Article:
The Somali marauders who are terrorising shipping have deep roots in the local ‘shifta' tradition of outlaw robber gangs
We call them “pirates”, because that is how they most easily translate into Western culture, but the Somali marauders currently terrorising Indian Ocean shipping might better be termed ocean-going shiftas, heirs to a long and uniquely African tradition of banditry.
The term shifta may be unfamiliar, yet it is a key to understanding what is happening off the coast of Somalia, and how it might possibly be resolved. Shifta, derived from the Somali word shúfto, can be translated as bandit or rebel, outlaw or revolutionary, depending on which end of the gun you are on.
In the roiling chaos that is Somalia, the killers and criminals are variously pirates, warlords, kidnappers, fanatics or Islamic insurgents. Most are young, angry men with no prospects, no education and a great deal of heavy weaponry. But all are historically descended from the shiftas who have plundered the Horn of Africa for decades.
The shiftas originated in the 19th century as a sort of local militia in the unruly mountains of north east Africa, but soon developed into freelance outlaws, rustlers and highway robbers, roaming across borders to rob and kill. The British colonial authorities sought to control shifta activity, but the armed bands played an important role in resisting Italian occupation in Ethiopia and Somaliland during the Second World War.
They had a reputation for extreme barbarity. One British officer based in the Northern Frontier District of Kenya in 1942 described the marauding, heavily armed bands of Somali shiftas as “ruthless outlaws who killed for the sake of killing, holding human life cheap if it stood in the way of rape and pillage”. The shiftas, it was said, handed captives over to their womenfolk to be elaborately mutilated before an agonisingly slow death.
The term shifta is still used to describe robber gangs in the remoter rural regions of Somalia, Eritrea, Ethiopia and Kenya. The conservationist George Adamson of Born Free fame was killed by Somali shiftas in Kenya in 1989.
But shiftinnet (the role of the shifta) is more complex than mere thievery and thuggery. The term can also denote status, respect and rebellion against unpopular authority. Two 19th-century Ethiopian emperors were originally shiftas. In his book Bandits, Eric Hobsbawm argued that in some instances, outlaws rise above their crimes to become champions of the underdog, rebels articulating the grievances of the dispossessed, robbing the rich to give to the poor.
Shiftinnet has some of this outlaw mystique. Precisely the same is true of the latter-day Somali pirates infesting the seas off East Africa. They, too, follow a code of conduct that precludes harming crewmen, as well as a formula for divvying up the loot within the robber band. In their own communities, they are seen as heroes and breadwinners, a sort of maritime mafia upholding social order while resisting Western power.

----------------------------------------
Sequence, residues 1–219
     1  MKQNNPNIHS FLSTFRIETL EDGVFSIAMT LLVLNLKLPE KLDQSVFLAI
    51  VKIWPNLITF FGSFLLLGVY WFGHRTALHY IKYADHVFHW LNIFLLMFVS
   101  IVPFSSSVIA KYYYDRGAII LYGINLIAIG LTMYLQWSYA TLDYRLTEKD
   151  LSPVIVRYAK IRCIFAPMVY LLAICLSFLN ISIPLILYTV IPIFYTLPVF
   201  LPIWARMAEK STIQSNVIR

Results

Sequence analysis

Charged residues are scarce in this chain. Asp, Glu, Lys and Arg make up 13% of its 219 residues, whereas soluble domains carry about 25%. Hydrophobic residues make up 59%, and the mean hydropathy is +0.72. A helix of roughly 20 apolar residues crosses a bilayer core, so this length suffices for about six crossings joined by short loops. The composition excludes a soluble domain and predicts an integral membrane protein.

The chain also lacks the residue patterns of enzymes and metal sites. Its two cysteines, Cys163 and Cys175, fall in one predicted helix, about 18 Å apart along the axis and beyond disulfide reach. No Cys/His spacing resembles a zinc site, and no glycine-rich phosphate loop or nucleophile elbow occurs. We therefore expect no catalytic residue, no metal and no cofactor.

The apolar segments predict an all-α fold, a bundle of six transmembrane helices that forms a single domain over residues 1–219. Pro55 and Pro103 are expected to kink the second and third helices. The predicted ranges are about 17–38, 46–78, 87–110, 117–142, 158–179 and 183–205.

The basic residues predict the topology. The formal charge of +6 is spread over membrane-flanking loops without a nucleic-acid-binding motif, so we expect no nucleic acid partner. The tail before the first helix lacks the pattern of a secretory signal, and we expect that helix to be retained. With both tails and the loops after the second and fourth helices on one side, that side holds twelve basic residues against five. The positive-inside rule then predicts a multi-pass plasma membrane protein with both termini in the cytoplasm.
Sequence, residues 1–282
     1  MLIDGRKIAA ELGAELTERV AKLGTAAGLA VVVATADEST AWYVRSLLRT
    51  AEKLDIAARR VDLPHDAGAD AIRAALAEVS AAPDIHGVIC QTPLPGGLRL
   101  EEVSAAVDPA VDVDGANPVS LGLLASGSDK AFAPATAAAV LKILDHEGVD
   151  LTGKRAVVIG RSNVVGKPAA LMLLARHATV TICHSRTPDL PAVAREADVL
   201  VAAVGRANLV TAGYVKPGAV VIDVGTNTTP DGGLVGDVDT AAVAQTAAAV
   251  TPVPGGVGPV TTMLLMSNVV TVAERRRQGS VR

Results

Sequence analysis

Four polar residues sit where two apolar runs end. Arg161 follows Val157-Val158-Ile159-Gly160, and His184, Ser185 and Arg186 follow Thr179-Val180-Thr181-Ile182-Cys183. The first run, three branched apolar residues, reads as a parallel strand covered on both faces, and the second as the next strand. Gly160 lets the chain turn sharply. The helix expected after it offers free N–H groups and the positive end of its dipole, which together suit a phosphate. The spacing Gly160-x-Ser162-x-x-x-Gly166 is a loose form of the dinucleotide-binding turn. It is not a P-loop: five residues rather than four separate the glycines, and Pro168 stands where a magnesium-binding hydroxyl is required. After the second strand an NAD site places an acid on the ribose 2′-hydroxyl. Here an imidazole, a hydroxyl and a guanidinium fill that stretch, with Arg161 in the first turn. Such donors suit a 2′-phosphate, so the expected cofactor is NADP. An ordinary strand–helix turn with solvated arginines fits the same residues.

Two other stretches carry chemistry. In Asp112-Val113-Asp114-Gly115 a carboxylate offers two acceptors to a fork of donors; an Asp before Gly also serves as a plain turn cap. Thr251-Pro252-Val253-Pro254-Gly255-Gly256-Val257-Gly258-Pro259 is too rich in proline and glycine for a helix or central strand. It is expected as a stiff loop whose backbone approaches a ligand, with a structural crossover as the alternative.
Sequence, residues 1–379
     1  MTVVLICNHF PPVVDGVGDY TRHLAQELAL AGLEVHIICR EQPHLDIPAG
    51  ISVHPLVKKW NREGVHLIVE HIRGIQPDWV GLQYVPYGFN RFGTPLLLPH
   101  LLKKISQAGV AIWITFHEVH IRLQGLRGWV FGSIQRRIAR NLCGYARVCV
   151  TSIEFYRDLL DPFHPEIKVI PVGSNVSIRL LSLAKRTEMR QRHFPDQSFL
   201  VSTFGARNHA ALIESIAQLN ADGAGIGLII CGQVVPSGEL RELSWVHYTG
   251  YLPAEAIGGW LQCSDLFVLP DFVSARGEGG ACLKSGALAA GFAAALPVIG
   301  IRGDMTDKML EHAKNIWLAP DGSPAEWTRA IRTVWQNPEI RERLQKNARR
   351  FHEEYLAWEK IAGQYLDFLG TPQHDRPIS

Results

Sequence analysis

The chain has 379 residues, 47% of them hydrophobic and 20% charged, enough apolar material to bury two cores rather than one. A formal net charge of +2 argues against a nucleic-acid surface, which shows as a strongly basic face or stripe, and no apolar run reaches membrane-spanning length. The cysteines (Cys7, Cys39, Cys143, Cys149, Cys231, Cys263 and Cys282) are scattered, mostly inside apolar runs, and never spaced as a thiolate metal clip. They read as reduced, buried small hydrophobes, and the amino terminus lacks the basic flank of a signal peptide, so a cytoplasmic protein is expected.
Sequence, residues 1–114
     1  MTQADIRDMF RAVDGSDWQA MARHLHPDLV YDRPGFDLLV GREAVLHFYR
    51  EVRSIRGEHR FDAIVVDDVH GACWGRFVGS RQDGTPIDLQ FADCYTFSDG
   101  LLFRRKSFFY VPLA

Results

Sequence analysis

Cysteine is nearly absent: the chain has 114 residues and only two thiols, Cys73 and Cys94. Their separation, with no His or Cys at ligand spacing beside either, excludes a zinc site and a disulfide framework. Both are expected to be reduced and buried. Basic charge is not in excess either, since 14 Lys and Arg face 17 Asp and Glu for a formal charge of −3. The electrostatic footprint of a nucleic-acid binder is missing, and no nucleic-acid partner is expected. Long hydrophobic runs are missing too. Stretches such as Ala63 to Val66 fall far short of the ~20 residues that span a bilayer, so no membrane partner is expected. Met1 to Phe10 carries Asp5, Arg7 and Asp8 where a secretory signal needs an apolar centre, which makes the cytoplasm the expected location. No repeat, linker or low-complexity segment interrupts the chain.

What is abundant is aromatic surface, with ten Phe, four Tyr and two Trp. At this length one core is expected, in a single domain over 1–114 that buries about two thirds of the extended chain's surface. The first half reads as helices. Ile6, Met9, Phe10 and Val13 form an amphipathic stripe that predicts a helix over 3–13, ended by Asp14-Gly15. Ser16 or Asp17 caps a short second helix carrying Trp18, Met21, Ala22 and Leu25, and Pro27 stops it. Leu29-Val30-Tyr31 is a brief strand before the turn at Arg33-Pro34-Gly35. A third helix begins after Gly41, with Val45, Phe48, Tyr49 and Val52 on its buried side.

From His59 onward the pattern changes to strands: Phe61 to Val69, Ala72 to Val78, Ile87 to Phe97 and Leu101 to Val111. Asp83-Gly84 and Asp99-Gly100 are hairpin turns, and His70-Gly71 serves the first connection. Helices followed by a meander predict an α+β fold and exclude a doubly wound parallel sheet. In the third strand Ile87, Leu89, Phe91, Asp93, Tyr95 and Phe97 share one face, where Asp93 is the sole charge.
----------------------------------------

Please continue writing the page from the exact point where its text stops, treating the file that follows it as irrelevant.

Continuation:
Such people are glorified and romanticised when government is weak: Dick Turpin, Billy the Kid, Blackbeard and Robin Hood were functions of violent social dislocation. Just as shiftas have long flourished in the lawless areas in and around Somalia, so the abject failure of the modern state of Somalia has led to the explosion of piracy.
Somalia is now the most dangerous place in the world. This half-starved country has suffered 14 failed governments in two decades. Piracy is the only big industry: the sea-going shiftas made $150million last year. Since February the pirates have attacked 78 ships, hijacked 19 and taken more than 300 hostages from a dozen countries.
The banditry comes with the usual veneer of buccaneer bravado: “We believe in dying for our land,” one pirate declared this week, after the American rescue of a kidnapped freighter captain.
Somali piracy is usually seen as a political and economic problem or even as a military threat to be solved using brute force, but it is also at root a cultural issue, a return to a form of behaviour that is grimly embedded in Somali tradition. Killing a few pirates will have no more effect that the British attempts to stamp out the shiftas of an earlier era.
Rooting out piracy in Somalia means stripping the Robin Hood myth from Somalia's bandit chiefs, pirates and warlords, rebuilding social institutions, re-educating a generation brought up on violence, and providing alternative forms of employment. There will be no peace at sea off Somalia until there is some form of law on land.
For many years the deteriorating situation in Somalia has been largely ignored by the rest of the world: the country is now listed by the UN as the world's worst humanitarian disaster, a hotbed of Islamic extremism, and a throwback to a medieval way of thinking in which brigandage is not merely tolerated, but venerated.
Organised banditry is worming its way into what remains of the Somali state: in some ports, the pirates pay the salaries of the local police.
The life of a Somali pirate, like that of a Somali shifta, is nasty, brutish and frequently short. Pirate vessels are barely seaworthy; many pirates cannot even swim. As always, while a few get rich, the rank-and-file in the criminal enterprise are young, desperate and careless of life, their own included.
Yet it is a mark of how far Somali society has been degraded by years of conflict and international complacency, that such creatures are regarded with both fear and admiration by their compatriots. Barack Obama has pledged to “halt the rise of piracy”.
That cannot be done with guns alone, and will never be achieved until and unless Somalia can finally rid itself of the culture of the gun. Arrivals at Mogadishu airport today must fill out a landing form detailing name, address, and calibre of weapon. Welcome to the brutal, shifting world of the shifta.